People living with HIV not only have a higher rate of cancer compared with the general population, but they are also less likely to be treated for those malignancies. Recognizing this threat to the health and longevity of the HIV population, the National Comprehensive Cancer Network (NCCN) has issued new guidelines on treating cancer among them.
“The disparity in cancer care is large and significant,” said Gita Suneja, MD, of the Duke Cancer Institute and the cochair of the NCCN guidelines panel for cancer in the HIV population, in a press release. “For most cancers, people living with HIV are two to three times more likely to receive no cancer treatment compared to uninfected people. Although we don’t yet know all the reasons for these large differences in cancer treatment, the lack of clinical management guidelines available to clinicians has been shown to be one contributing factor.”
An estimated 7,760 HIV-positive U.S. residents were diagnosed with cancer in 2010, a figure that represents a diagnosis rate that is 50 percent higher than that of the general population.
The most commonly diagnosed cancers among people with HIV in order of frequency include non–Hodgkin lymphoma, Kaposi’s sarcoma (KS), lung cancer, anal cancer, prostate cancer, liver cancer, colorectal cancer, Hodgkin lymphoma, oral and pharyngeal cancer, female breast cancer and cervical cancer.
The new NCCN cancer treatment guidelines for people with HIV stress the importance of collaborative care between HIV specialists and oncologists. The document provides specific recommendations for treatment of non-small-cell lung cancer, anal cancer, Hodgkin lymphoma and cervical cancer among the HIV population. Additionally, the NCCN recently released guidelines for treating AIDS-related Kaposi’s sarcoma and B-cell lymphomas in its guidelines for B-cell lymphoma treatment.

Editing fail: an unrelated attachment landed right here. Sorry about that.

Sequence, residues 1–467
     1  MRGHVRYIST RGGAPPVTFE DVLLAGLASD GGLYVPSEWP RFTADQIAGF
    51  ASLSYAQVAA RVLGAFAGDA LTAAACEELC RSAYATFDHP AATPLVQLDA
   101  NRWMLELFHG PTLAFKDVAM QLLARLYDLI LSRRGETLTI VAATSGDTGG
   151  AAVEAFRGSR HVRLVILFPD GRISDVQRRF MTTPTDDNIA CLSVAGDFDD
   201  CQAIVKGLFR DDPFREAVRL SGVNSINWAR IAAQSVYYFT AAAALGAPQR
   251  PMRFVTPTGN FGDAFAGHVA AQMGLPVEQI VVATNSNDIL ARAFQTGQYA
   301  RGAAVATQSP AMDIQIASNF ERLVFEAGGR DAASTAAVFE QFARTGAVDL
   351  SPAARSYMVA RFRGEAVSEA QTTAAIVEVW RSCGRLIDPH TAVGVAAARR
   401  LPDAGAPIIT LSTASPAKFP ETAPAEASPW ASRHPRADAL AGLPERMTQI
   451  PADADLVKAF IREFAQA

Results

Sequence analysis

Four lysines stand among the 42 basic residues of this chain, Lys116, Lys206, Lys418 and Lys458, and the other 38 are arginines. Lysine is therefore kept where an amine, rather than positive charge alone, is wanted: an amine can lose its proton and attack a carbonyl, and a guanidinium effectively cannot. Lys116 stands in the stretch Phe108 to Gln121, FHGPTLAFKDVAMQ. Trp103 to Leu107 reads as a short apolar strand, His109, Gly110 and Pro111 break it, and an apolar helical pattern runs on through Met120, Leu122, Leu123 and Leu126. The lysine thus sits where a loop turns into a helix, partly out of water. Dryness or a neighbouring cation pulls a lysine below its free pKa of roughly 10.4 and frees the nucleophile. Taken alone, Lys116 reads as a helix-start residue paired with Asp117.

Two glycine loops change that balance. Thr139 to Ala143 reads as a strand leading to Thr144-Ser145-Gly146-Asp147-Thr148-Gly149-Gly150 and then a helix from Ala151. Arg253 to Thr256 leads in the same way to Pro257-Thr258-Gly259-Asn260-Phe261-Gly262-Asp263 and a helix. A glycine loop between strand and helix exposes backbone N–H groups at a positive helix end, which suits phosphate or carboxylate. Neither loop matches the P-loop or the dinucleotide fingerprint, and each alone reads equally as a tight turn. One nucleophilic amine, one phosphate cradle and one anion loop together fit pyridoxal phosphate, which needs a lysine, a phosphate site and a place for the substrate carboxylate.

According to the NCCN, clinicians should offer cancer treatment to most people with HIV just as they would to patients who are HIV negative. An individual’s HIV status should not be the sole reason for making any modifications to such treatment.
When determining whether there are any potential drug-drug interactions between antiretroviral therapy (ART) for the virus and cancer treatments, oncologists and HIV specialists should work together, partnering with pharmacists who specialize in these fields if possible.
“One of the most important points we want providers to be aware of surrounds the potential for drug interactions and overlapping toxicities between cancer therapeutics and ART,” said Erin Reid, MD, of the University of California, San Diego, Moores Cancer Center, who is also a cochair of the guidelines panel, in the same press release. “Some antiretroviral–cancer therapeutic combinations have serious risk of increased toxicity, while others may reduce levels of either cancer therapeutics or the antiretroviral. The good news is that with the expansion of antiretroviral combinations available, there is opportunity to minimize these risks by modifying antiretroviral therapy during cancer treatment.”
To read a press release about the cancer guidelines, which has various links to more information, click here.
To access the NCCN guidelines, click here.